EXCERPT: Efficient and Effective Independent Restaurant Onboarding Practices
By Lindsay Danis | In a soft restaurant labor market, proper onboarding of new hires is as important as ever.
While many operators bemoan the current shortage of qualified staff, they set up their businesses for failure by short-changing onboarding. Onboarding is the process of integrating a new employee into an organization. It makes new hires feel welcome, establishes expectations, and helps assure that new employees will be properly trained to perform their jobs.
The competition for talent begins in the recruitment and hiring process, but something independent operators may not realize is that competition continues through the onboarding process. If a new hire encounters a roadblock in onboarding, they may not make it to day one. If they don’t feel adequately trained and comfortable with the culture of the business, they could be gone within a week.
Mark Moeller, restaurant consultant and owner of The Recipe of Success, believes that onboarding provides new hires with important clues about the working environment they’ll enter. The majority of onboarding tasks are done electronically these days, which creates an opportunity for glitches.
For instance, Moeller says that often there are difficulties getting direct deposits set up. An employee who can’t get their direct deposit set up online and hasn’t gotten an answer from the hiring manager may rightly wonder about when and how they’ll be paid. With so many other options on the table, many decide to bail on the new role. “People have this perception, if this system can’t work, what else is broken in the restaurant?” he says.
“I’ve had several clients who have an issue with people trying to do the onboarding paperwork and can’t get it done, so they don’t show up for the first day of work,” Moeller says. Sometimes, the new hire will call the manager who interviewed them and leave a voicemail. If they don’t get a call back to resolve the issue, they’ll no-show to their first scheduled shift. ” Without that personal touch setting a connection right from the beginning, we’ve going to have issues moving forward,” Moeller says, explaining what the new hires are likely thinking.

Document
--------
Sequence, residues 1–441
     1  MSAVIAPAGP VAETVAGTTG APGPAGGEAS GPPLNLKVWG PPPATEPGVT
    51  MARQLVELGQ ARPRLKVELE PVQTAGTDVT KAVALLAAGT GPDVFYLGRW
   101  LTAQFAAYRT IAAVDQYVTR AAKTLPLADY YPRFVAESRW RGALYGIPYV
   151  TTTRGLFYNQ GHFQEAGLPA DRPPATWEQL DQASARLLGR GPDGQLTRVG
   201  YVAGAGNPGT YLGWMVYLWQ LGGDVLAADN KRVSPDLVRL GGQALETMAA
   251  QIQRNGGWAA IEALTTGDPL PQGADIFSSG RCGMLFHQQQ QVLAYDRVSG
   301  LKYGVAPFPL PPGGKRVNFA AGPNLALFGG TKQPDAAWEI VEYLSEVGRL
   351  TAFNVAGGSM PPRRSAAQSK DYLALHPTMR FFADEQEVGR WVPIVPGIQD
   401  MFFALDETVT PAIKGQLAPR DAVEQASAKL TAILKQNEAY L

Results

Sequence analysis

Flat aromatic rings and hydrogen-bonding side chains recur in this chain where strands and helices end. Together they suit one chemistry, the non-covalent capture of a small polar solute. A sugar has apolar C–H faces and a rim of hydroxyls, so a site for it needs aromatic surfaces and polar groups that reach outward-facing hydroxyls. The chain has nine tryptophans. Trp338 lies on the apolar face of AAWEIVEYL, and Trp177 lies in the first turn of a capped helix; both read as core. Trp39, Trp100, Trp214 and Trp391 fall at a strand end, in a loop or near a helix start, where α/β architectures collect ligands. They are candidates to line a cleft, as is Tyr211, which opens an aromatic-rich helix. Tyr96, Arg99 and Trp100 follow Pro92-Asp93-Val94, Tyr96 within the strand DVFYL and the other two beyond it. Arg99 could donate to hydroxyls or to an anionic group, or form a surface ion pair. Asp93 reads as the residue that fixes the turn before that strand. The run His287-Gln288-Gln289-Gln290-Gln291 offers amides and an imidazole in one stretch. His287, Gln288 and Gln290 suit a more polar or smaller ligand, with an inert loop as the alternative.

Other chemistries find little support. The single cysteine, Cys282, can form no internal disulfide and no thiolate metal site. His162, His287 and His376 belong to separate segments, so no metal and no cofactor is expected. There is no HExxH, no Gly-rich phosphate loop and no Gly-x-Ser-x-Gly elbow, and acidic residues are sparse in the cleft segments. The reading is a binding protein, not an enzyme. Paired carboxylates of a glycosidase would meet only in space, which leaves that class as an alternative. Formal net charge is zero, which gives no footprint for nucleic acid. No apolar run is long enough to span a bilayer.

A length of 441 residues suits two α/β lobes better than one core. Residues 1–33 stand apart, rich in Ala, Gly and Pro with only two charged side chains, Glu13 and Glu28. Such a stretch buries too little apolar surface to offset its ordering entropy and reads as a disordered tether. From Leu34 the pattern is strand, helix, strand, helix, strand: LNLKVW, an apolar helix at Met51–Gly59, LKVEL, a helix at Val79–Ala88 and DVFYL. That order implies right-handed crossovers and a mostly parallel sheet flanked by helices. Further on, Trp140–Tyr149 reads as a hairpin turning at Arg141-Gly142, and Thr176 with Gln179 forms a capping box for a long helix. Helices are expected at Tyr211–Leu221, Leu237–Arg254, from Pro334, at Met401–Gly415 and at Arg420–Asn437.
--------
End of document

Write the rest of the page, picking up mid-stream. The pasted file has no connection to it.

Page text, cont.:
Moeller has plenty of experience helping his clients troubleshoot issues like first day no-shows. Typically, an operator will approach him, confused about why a new hire decided not to show up. He’ll dig deeper by asking questions and eventually discover that the employee made an attempt at clarification, for instance, by calling the manager, but the phone call went unreturned.
“It’s all about open communication. You make people feel valued,” Moeller says. Not communicating with new hires during the onboarding process demonstrates a lack of caring and value.
Onboarding often tends to be an afterthought for busy operators. When it’s considered, it tends to be from the perspective of training a new employee in the workplace culture, policies and duties of the role for which they’ve been hired.
Given the shortage of available labor, a better way to go about onboarding might be to consider the ways to optimize it for your concept and those candidates you’ve decided to hire. Onboarding that is efficient and effective can not only set a new hire up for success within your concept, it can reduce turnover and increase employee satisfaction.
There are ways to keep communication open and build that sense of trust and value within the process. Doing so makes the onboarding process more effective because employees who arrive on their first day with positive feelings about the concept and their new manager will be more likely to commit to their role. Over time, this means a more committed and cohesive staff and less turnover.